Further, there were 3G implications here, too. What they are, I'm not sure yet. But this will definitely impact the Google/Moto v Apple suit, and in the end kill real competition--most notably because, with the inevitable royalties everyone will be paying to Apple, Apple becomes the owner of just about every cellphone and tablet out there, no matter who makes it.

One of the competitive advantages to new entrants was price. Apple, simply put, is expensive (if not elitist). Now they are nuking that competitive advantage--Apple isn't going to use those profits to lower the prices of its products, its merely going to pad it profits. And it's going to do so, at least for the near term, on the backs of everyone else.

This was just the detonation of the nuclear blast. Next comes the radiation fall-out, and I'm pretty sure that's where the real carnage is going to happen...

Just a musing from the sidewalk on my part, though, FWIW.
+Yuval Ararat I completely disagree with this: (( but i offer a simpler explanation. US economy is going down, jobs are lost.  Comes a trial of a US company vs foreign company.  US wins. Hollywood's good guy saves the day and we can go our merry ways. ))

I don't know if those Americans in the jury room are quite that stupid. I'll bet that over half of them have Samsung huge TV's in their living room, or monitors at their computers. Samsung became a worldwide brand in the US, in my opinion equal to that of Sony.  At the same time, stories of Apple's outsourcing to China have been big news in Northern California for quite a while. These aren't the "flyover states"...
For those of you who are well versed in these patent cases it´s remarkable that the jurors found that the wireless patent was judged as ´patent exhaustion´ while you can only establish this if Apple infringed on these utility patents of Samsung in the first place.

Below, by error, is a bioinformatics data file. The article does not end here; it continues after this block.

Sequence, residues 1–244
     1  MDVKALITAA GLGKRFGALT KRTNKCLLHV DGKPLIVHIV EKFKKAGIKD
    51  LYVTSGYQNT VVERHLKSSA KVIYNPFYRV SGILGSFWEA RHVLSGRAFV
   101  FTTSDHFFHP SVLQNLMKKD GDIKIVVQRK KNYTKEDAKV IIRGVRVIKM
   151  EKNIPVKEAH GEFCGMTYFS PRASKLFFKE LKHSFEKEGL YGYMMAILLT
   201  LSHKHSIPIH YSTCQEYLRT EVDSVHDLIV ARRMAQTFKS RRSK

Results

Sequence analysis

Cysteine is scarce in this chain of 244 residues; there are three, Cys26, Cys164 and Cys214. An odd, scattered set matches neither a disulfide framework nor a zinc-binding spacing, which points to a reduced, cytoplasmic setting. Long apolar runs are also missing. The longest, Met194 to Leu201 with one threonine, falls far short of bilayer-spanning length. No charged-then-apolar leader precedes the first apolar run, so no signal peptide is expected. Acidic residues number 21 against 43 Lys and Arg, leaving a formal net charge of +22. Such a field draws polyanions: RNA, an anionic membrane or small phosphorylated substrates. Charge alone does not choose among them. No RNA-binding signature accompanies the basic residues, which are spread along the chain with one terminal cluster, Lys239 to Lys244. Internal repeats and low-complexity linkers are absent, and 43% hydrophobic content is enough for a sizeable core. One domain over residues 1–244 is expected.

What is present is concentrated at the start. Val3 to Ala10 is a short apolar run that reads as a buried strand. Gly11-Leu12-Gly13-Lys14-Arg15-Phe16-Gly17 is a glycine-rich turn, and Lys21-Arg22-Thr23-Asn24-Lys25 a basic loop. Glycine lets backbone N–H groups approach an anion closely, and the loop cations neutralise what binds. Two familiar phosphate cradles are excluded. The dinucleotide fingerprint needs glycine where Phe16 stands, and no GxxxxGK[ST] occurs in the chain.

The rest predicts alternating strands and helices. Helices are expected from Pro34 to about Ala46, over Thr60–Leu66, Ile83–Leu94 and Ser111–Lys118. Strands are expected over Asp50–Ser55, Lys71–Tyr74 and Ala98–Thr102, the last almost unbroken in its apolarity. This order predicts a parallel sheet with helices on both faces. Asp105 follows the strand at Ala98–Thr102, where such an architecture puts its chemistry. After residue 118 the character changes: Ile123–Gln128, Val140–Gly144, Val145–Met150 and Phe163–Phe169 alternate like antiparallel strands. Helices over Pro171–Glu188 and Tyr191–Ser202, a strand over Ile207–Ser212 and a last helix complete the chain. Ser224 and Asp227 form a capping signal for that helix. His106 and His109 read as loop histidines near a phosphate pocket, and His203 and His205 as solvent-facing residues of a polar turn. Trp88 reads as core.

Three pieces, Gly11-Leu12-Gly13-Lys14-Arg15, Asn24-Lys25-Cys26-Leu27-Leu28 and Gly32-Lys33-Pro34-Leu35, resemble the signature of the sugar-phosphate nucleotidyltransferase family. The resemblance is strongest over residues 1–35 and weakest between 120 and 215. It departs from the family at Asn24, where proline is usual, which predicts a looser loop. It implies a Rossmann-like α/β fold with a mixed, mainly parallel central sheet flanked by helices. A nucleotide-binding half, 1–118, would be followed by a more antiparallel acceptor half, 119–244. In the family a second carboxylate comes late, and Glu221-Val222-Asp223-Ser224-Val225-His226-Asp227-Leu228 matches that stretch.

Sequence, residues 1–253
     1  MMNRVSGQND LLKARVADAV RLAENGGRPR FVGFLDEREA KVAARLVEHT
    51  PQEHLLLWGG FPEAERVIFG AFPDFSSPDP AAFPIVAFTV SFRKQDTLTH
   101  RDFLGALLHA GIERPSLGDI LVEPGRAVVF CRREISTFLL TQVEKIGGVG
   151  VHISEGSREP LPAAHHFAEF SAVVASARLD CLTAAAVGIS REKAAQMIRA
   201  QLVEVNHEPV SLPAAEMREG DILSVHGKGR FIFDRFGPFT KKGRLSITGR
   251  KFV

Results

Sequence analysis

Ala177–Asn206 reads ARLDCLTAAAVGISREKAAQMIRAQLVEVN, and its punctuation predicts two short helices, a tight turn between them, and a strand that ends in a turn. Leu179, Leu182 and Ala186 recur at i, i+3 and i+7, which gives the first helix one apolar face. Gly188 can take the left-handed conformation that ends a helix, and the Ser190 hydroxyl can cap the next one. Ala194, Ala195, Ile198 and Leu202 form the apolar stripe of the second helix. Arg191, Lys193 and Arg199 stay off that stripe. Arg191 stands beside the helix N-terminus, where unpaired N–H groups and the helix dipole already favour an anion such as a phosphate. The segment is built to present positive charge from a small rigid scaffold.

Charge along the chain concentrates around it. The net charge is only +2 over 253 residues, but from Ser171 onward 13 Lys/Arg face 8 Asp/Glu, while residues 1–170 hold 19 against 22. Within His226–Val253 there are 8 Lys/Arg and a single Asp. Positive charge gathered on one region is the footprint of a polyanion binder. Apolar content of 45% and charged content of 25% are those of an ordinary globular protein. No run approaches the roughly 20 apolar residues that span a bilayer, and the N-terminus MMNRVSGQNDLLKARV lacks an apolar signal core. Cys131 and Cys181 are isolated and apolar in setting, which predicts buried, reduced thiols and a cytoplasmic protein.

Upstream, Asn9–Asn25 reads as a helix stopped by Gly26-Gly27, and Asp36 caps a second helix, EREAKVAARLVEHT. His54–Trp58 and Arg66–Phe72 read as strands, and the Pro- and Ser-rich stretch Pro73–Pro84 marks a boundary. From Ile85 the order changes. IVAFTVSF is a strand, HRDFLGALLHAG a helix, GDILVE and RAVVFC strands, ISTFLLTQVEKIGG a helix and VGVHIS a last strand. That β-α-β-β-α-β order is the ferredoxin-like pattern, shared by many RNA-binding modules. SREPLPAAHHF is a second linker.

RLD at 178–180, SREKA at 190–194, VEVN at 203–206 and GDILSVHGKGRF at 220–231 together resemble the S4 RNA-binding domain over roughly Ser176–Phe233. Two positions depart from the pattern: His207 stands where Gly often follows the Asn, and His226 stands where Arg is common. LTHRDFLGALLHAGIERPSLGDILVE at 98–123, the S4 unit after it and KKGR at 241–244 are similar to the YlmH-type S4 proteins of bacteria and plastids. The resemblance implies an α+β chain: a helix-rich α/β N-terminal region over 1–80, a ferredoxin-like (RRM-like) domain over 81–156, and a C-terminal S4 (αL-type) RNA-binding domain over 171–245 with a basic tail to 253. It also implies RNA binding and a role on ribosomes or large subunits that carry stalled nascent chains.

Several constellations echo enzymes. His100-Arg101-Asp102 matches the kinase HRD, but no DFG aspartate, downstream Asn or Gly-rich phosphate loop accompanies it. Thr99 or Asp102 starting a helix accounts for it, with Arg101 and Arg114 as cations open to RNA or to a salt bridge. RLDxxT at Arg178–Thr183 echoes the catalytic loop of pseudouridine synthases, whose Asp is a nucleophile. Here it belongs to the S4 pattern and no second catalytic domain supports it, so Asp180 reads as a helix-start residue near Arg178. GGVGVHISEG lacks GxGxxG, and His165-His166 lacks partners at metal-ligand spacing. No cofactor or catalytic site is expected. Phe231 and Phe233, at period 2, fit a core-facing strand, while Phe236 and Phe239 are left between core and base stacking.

Judge Koh made a huge error there when accepting the error in the jury verdict and let it pass.
This is Apple´s comment. Still banking on a sentiment I guess no longer exists in 2012:
We are grateful to the jury for their service and for investing the time to listen to our story and we were thrilled to be able to finally tell it. The mountain of evidence presented during the trial showed that Samsung’s copying went far deeper than even we knew. The lawsuits between Apple and Samsung were about much more than patents or money. They were about values.  At Apple, we value originality and innovation and pour our lives into making the best products on earth. We make these products to delight our customers, not for our competitors to flagrantly copy.  We applaud the court for finding Samsung’s behavior willful and for sending a loud and clear message that stealing isn’t right.
+Max Huijgen , I also agree with you in DISAGREEING with Scoble re (( But on the other hand Apple won the PR as the innovator and Samsung will always be seen as the copier. ...Samsung's events never get the "Apple buzz" and this verdict won't help Samsung move up in the world's eyes as an innovator. ))
This just goes to show how narcissistic Scoble is. Consumers are very different from tech industry bloggers. It's the scoble and TechCrunch crowd who go oooh and ahhhh at all things Apple. Pretty much any person in any role in the tech industry can never deny Apple's amazing inventiveness. Anyone who does is a fool. In some ways, absolutely, Apple innovates best. We shall see going forward. Google's voice recognition and command tech at this stage is beyond Apple's, and no, they did not invent voice recognition. But I disagree with scoble for trying to extend what techie convention goers and sample product testers feel towards Apple rippling into American consumer homes.